25

This code is just for illustrating the question.

#include <functional>
struct MyCallBack {
    void Fire() {
    }
};

int main()
{
    MyCallBack cb;
    std::function<void(void)> func = std::bind(&MyCallBack::Fire, &cb);
}

Experiments with valgrind shows that the line assigning to func dynamically allocates about 24 bytes with gcc 7.1.1 on linux.

In the real code, I have a few handfuls of different structs all with a void(void) member function that gets stored in ~10 million std::function<void(void)>.

Is there any way I can avoid memory being dynamically allocated when doing std::function<void(void)> func = std::bind(&MyCallBack::Fire, &cb); ? (Or otherwise assigning these member function to a std::function)

  • 6
    @BeyelerStudios, allocator support for functions has been dropped from 2017 C++. – SergeyA Sep 11 '17 at 20:13
  • @BeyelerStudios Forcing lambdas is a good thing. – user0042 Sep 11 '17 at 20:20
  • 1
    @BeyelerStudios Type erasure always has a runtime cost. If you want to avoid it, you can rewrite the function that consumes the std::function to be a template that takes an arbitrary callable type instead. This tradeoff between compile-time work and run-time work has always existed in C++. – Brian Sep 11 '17 at 20:20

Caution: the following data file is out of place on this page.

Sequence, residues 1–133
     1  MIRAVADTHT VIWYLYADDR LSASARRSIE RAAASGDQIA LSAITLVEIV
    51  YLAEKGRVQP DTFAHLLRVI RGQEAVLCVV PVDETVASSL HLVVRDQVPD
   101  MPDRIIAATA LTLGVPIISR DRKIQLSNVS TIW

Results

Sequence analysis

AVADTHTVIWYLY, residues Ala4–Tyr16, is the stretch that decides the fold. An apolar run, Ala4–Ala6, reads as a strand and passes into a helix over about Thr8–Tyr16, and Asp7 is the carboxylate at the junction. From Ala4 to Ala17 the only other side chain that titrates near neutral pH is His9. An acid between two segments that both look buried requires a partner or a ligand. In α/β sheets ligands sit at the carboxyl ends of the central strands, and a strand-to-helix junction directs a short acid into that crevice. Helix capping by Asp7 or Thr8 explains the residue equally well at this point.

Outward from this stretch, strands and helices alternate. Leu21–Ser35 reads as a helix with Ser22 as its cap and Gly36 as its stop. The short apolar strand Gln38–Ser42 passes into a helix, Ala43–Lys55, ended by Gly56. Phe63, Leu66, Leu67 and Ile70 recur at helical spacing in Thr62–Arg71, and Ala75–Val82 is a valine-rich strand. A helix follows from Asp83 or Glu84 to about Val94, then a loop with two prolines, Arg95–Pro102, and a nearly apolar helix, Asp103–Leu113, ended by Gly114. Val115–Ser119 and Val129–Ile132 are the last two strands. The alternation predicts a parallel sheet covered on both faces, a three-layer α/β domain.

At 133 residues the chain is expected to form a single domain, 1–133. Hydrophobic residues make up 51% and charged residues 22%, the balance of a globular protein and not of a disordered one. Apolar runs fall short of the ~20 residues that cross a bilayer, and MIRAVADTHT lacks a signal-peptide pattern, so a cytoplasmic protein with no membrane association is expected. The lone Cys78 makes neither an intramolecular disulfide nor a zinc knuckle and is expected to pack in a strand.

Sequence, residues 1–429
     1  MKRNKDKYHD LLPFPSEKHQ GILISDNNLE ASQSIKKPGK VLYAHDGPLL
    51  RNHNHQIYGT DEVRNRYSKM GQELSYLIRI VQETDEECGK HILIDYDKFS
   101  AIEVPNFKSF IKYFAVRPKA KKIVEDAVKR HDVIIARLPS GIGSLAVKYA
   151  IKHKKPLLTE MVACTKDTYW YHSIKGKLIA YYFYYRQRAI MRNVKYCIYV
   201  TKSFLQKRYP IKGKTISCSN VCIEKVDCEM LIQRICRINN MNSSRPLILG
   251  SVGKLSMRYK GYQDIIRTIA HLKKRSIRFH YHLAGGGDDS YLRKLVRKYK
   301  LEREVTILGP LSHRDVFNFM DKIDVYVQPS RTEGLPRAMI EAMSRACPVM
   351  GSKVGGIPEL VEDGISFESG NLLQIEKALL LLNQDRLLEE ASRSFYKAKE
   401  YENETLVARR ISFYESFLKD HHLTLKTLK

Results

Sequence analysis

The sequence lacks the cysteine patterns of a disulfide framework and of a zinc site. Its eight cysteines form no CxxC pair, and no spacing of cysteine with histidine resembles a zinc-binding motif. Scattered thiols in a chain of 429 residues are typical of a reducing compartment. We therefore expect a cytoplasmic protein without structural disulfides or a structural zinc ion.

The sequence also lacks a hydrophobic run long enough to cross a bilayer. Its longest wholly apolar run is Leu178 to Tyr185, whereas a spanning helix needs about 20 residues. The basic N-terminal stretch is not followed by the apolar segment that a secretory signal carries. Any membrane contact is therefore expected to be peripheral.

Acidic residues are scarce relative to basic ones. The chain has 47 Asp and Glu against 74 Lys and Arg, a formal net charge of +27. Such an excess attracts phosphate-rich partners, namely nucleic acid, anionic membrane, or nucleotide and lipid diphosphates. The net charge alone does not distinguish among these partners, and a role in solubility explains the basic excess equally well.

• 1
    Even beyond this specific case, where the given answer is correct, should just be avoiding bind almost entirely in C++14 and beyond. There's probably some corner case where it may still be ok, but in 99.9% of cases you should be using a lambda. – Nir Friedman Sep 11 '17 at 20:22
  • 1
    The thing is, even with proposed solution of using a lambda that solves the immediate problem,the lambda/std::function is still storing a pointer to the struct, so the data will still be out-of-line. So if you have say a vector<function<void(void)>>, you will still trigger cache misses like crazy and have poor performance. You'll just have a single indirection instead of double indirection. If your various structs are all of similar sizes you can do much, much, better. Are they? And how many do you have? – Nir Friedman Sep 11 '17 at 22:20